Tuesday, 27 January 2009


The Duke delivers the bad news!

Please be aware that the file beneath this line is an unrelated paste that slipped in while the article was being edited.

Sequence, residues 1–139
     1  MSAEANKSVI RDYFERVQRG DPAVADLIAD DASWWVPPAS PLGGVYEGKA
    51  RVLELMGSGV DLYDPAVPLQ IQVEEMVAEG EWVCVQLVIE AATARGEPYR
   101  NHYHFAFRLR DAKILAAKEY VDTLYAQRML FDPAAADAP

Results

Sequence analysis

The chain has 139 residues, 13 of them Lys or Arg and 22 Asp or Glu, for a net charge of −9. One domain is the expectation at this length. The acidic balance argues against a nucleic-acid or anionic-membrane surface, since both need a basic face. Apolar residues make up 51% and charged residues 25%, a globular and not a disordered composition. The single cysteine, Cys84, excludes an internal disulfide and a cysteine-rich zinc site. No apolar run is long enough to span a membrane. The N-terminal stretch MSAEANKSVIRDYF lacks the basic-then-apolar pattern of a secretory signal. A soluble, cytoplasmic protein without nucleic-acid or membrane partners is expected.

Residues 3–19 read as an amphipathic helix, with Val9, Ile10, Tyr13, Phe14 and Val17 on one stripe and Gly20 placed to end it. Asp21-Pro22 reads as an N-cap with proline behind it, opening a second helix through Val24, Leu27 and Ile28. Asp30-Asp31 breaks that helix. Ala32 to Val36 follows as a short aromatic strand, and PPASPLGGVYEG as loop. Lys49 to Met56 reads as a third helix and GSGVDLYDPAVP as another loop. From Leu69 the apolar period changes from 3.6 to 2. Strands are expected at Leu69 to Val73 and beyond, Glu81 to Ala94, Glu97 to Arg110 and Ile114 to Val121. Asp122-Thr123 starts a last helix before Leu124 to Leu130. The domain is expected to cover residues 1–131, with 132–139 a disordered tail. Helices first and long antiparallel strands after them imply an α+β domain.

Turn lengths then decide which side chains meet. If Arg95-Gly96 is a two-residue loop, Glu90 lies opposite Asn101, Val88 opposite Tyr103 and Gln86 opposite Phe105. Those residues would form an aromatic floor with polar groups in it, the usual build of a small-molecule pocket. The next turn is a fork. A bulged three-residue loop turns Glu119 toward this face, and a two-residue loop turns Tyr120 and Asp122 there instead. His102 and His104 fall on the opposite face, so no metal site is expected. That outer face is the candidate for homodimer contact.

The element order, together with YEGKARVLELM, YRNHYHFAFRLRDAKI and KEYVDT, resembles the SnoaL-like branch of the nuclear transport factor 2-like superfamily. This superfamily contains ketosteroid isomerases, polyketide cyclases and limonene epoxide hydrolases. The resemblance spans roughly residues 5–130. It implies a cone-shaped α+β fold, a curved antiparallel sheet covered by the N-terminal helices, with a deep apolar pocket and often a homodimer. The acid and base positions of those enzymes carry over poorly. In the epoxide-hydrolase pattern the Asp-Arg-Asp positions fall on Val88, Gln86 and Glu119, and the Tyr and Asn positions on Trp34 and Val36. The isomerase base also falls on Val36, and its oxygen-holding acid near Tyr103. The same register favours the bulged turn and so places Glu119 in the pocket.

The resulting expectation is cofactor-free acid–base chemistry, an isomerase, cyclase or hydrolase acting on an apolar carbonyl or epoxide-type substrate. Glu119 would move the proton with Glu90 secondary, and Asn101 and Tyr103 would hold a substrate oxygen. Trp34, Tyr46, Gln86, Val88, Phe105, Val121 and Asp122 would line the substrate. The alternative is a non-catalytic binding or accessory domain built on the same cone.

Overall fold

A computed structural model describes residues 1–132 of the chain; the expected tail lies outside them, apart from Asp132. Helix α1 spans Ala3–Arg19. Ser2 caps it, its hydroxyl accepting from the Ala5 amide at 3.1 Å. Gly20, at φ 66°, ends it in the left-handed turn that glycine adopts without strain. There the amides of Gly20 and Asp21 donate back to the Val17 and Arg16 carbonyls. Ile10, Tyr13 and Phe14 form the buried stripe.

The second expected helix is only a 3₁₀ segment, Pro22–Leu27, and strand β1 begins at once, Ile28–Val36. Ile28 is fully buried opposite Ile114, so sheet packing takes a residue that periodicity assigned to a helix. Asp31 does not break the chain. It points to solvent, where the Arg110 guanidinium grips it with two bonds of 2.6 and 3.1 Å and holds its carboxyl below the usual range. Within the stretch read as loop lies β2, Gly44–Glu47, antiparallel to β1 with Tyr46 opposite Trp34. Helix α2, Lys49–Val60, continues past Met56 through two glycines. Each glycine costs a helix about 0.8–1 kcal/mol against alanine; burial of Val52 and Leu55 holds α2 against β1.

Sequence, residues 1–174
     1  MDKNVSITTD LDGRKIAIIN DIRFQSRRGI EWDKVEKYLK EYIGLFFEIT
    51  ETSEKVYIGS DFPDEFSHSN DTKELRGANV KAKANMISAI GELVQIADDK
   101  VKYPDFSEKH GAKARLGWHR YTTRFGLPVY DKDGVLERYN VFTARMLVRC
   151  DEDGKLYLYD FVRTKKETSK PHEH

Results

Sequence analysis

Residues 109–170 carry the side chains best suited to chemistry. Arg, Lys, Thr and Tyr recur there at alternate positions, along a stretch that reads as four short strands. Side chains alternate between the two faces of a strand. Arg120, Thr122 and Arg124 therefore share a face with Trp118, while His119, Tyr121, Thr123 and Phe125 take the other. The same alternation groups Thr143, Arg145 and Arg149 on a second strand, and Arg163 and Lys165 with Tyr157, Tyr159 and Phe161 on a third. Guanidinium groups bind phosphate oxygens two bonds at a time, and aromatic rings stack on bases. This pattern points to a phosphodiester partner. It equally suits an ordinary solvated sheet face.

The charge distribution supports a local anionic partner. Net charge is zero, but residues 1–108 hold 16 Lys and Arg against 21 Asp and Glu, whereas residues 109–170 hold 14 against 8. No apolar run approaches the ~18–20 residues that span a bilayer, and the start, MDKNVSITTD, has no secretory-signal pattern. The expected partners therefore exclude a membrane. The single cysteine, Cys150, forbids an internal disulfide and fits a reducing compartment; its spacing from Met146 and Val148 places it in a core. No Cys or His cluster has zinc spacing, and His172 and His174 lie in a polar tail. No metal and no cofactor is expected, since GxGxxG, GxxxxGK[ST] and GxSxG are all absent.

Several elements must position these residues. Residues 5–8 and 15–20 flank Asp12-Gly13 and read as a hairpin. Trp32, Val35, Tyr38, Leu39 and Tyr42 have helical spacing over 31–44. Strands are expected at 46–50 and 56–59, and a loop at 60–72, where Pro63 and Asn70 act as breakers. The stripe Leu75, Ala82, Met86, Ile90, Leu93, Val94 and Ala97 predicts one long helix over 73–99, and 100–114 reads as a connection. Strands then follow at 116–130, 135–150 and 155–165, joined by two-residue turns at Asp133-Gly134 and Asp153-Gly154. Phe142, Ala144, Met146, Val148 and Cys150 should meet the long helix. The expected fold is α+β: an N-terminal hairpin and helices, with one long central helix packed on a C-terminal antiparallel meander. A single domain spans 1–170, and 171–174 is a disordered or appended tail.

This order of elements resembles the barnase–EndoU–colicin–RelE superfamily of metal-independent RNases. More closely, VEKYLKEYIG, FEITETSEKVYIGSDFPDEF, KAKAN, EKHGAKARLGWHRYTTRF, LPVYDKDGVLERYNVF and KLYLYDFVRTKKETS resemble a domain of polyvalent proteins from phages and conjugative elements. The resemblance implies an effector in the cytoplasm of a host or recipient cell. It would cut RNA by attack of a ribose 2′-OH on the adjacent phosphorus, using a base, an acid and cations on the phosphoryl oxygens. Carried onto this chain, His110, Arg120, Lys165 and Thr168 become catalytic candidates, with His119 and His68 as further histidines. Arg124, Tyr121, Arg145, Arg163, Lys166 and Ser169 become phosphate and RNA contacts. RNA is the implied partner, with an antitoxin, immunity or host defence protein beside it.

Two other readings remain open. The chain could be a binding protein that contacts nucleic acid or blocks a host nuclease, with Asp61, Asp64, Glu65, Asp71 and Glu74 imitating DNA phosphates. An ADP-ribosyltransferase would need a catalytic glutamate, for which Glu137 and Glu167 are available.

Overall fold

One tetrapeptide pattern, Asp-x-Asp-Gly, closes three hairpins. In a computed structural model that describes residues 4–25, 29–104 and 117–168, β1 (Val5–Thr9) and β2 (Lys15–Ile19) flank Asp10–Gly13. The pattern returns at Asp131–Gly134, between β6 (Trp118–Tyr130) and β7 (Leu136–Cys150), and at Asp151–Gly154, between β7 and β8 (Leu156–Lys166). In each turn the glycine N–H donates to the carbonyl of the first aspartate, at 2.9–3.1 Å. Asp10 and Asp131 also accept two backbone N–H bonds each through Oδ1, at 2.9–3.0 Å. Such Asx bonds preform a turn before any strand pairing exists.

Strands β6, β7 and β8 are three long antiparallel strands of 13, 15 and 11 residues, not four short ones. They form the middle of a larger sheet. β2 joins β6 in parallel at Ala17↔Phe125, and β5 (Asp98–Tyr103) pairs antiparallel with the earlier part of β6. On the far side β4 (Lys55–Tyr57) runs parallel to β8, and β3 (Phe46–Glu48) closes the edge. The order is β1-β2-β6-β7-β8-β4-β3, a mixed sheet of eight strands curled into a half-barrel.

Until its recent DVD release, William Wellman's 1954 THE HIGH AND THE MIGHTY was one of the films most sought by Wayne enthusiasts. The Wayne heirs at Batjac continually blocked its release (along with ISLAND IN THE SKY) for reasons best known to them. But here it is in all its 1950's Hollywood star-studded glory. Is it the lost masterpiece ? Well, no. Is it a great film even ? Well, no. But is is, arguably, the precursor of such distaster movies as the AIRPORT fanchise and countless films since. To be honest, I didn't find the film particularly suspenseful and it lacks a sense of urgency, but, on the other hand I found it wonderfully entertaining in a comforting Hollywood embrassing way. I watched it late at night, alone except for my dog streched out before the fire and a cup of hot chocolate. Like all the imitators that came after it, this film about a DC-4 en route to San Francisco from Hawaii that suffers techical problems and looks like it might have to ditch in the ocean, is populated by such luminaries as Robert Newton, Claire Trevor, Jan Sterling, Paul Kelly, Phil Harris, Laraine Day, John Howard, Paul Fix and John Qualen. The crew is headed by Robert Stack (an actor who only has to go near a plane in any film for disaster to loom) and co-pilot John Wayne (giving a fine understated performance). The one problem for me (the lack of urgency may worry modern viewers but didn't spoil my enjoyment) was that the back stories of the chacters (seen in flashback) just weren't dramatic or interesting - they were all much more interesting on the plane. Very much a film of its time, if THE HIGH AND THE MIGHTY catches you in the right mood and you can accept it on its own terms, it has a lot to offer. Rating ***

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